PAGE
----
Racing industry prepares for third safety summit

Cross-posted from the Louisville Courier-Journal


Track personnel try to hold down Eight Belles after the 134th running of the Kentucky Derby Saturday, May 3, 2008. Eight Belles was euthanized after breaking both front ankles following a second-place finish to winner Big Brown. (AP Photo/Brian Bohannon)

The first Welfare and Safety of the Racehorse Summit came months after 2006 Kentucky Derby winner Barbaro broke a leg in the Preakness Stakes, raising questions about tracking the number and causes of horse injuries.

By the time Eight Belles broke both front legs after her second-place finish in the 2008 Derby, a second summit had been held and an injury reporting database was getting started.

Thoroughbred racing leaders will gather in Lexington, Ky. on Monday and Tuesday for the third summit, where breakdown statistics will be released from the database, which includes more than 80 tracks that account for more than 80 percent of U.S. and Canadian races. Read more here >>

7 thoughts on “Racing industry prepares for third safety summit”

  1. They seem to talk exclusively about track surfaces and certainly with valid reason. What about the “legal” and illegal drugs????…conveniently left out. Pumping drugs whether they be legal, which is questionable in itself, or illegal into young horses whose musculoskeletel structures are not fully mature can only spell disaster, which is what we are currently witnessing in the “Sport of Kings”.


  2. And will they stop racing them as infants, maybe wait ’til their bones & connective tissue have chance to mature a little before asking them to cripple themselves?

    I don’t got a Stetson; I hope straw will do. And I’ll bring the tequila.


    1. the thing is they race them as infants because there bone plates are not matured, this causes lower limb injuries and or fractures, but the reason they are raced is because they are more limber and agile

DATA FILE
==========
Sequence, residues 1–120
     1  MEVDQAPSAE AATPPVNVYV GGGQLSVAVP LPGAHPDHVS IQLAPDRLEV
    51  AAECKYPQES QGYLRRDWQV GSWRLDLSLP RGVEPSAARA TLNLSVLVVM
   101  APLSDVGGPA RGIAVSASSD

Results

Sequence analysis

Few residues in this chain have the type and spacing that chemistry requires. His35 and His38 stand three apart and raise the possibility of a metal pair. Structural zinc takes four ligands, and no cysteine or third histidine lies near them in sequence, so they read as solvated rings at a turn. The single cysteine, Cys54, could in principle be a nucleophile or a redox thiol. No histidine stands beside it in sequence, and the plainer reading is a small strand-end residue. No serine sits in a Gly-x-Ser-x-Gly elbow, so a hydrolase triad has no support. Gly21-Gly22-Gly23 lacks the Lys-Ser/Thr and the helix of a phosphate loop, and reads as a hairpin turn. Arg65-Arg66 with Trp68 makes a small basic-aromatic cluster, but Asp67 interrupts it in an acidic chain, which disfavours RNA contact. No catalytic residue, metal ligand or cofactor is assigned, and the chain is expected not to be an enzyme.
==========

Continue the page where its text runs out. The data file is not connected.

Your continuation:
1. Sam – my boy the Thoroughbred was raced as a two-year-old and it wreaked his knees. Fortunately, he was allowed to dawdle in pasture for about 18 months after. That may have provided him with the necessary time to heal. He’s been my Friend for more than 17 years & has not once been lame as a result of his earlier injuries.
        He turned 20 in May.
        I often wonder what his life expectancy would have been if our lives had taken a different road.
        A couple of years ago, on a lark, a human friend clocked him at 35 MPH, while he was galloping for the sheer joy of it.
        I understand the WHY of putting young Horses into competition. What I don’t understand is condemning young Horses to crippling or premature death for nothing more important than ENTERTAINMENT.


    2. Yep, start the horses later, and many of these injuries and deaths would likely be eliminated. When horses race as two-year-olds, they’re obviously started when they’re one. Horses (all breeds) bones don’t set until they’re 4, so, for heaven’s sake, don’t start them under saddle until they’re at least 3.

      The trainers would be much smarter to do gradual groundwork until then, including desensitization at the starting gate and to unfamiliar noises. Maybe the times might be slower, because they won’t be relying on the panic response of those “crazy kids”, but, if they want to avoid tragedy and, ultimately, blame, the whole “racing culture” needs to change.

      As for shoes, many people involved in all horse sports are finding success with barefoot trims. No shoes means stronger feet, because the natural spring and roll of the hoof encourages proper blood flow to the hoof. If a racehorse doesn’t have the hooves for the job, an experienced trainer should know it and the horse shouldn’t be raced. There are plenty of other less physically stressful careers for thoroughbreds.

      By the way, I’d be interested to know whether the Quarterhorse racing industry has ever held this type of summit. They overbreed, ruin, and sent far more horses to slaughter than any other group.


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